This last weekend was meant to be a quiet one. I was looking forward to being indoors and still, working on my craft projects, spending time in the kitchen and doing a battery recharge before the social onslaught of May began. (Insert ‘yay’ face)
Irritatingly, for about a week and a half, I had been disturbed by noisy neighbours. The building adjoining mine is a religious centre and they seem to congregate in the room on the other side of my wall and talk loudly/shout, jump around and generally use the wall like a drum. This is usually past 10pm and this aunty needs her rest. I started composing a letter of complaint in my head but as soon as it came to writing it they fell silent. I was grateful but curious. It’s like the ominous silence of a toddler, that’s when you’d really want to see what they’re up.
On Sunday there was commotion at the back of this property – a yard with a couple of outbuildings that I look down at from my window – being on the first floor. Some children were erecting speakers, covering them in plastic and leaving them. As the afternoon continued I started to get worried and brought out my handy council A – Z to have the ‘noise disturbance’ number to hand. I was not in the mood to be kept awake again.
Well, just after 7pm the singing started. There was a whole choir, literally, on stands – about 50 boys and some men. Since it was still early, I didn’t want to report it, but thought if it went on for ages I would have to. An hour went by and they hadn’t stopped. I then saw flashing blue lights reflected from the windows of their building and went to see if someone else had called the cops. There was a fire engine in the road and I saw the yellow helmets of firemen in the road. I then looked into the yard and saw they were singing to a massive raging bonfire. It was like a kosher Wicker Man. I immediately rang Shane and wondered why we hadn’t organised a sleep over – if we knew there were going to be firemen we would have made a plan! Or at least brought some marshmallows…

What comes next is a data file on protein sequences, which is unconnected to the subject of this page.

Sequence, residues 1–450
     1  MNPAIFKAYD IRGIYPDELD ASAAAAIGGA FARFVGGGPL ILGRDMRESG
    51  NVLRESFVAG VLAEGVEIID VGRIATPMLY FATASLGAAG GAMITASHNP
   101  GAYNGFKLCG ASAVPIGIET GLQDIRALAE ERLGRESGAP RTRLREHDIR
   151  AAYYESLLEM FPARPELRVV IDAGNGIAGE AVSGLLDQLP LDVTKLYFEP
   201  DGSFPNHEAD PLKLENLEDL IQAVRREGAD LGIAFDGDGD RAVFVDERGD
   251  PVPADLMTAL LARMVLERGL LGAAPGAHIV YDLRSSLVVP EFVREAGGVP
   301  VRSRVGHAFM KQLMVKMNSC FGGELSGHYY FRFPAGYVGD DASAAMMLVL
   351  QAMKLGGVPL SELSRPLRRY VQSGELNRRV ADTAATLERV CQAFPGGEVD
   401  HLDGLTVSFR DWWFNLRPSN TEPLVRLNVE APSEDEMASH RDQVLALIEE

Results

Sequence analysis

There was a solitary policeman strolling up the road in amongst the many ‘devotees’ observing. There was even a granny on a wheel chair watching from a balcony three storeys up across the road. The firemen then left (!) but there was at least three participants keeping the fire in its designated zone with hoses and brooms sweeping any embers back towards the inferno. They continued singing around the blaze until it died down – another hour. They eventually formed a ‘circle’ to dance around it but because of the number of people, the shape of the yard and site of the fire it was more like a pear shape, with most participants squashed into the top bit. Quite farcical to watch.
What I found most amusing was that tomorrow is Beltane – a Pagan fertility festival. It’s all passion, maypoles and all manner of ‘wild abandon’ in between (including Morris Dancing). Fire is also associated with this and massive bonfires are lit during celebrations, which are traditionally held the night before. I did some quick searching on the internet to see what the neighbours’ party was all about since I found it ironic they would have a similar tradition – but sadly found nothing. If anyone knows anything about this please let me know, I’m fascinated!
I saw some kids making a new stack of wooden palettes last night but was not treated to the same show. Maybe I should ask them if I could borrow it for tonight… Never a dull moment in London!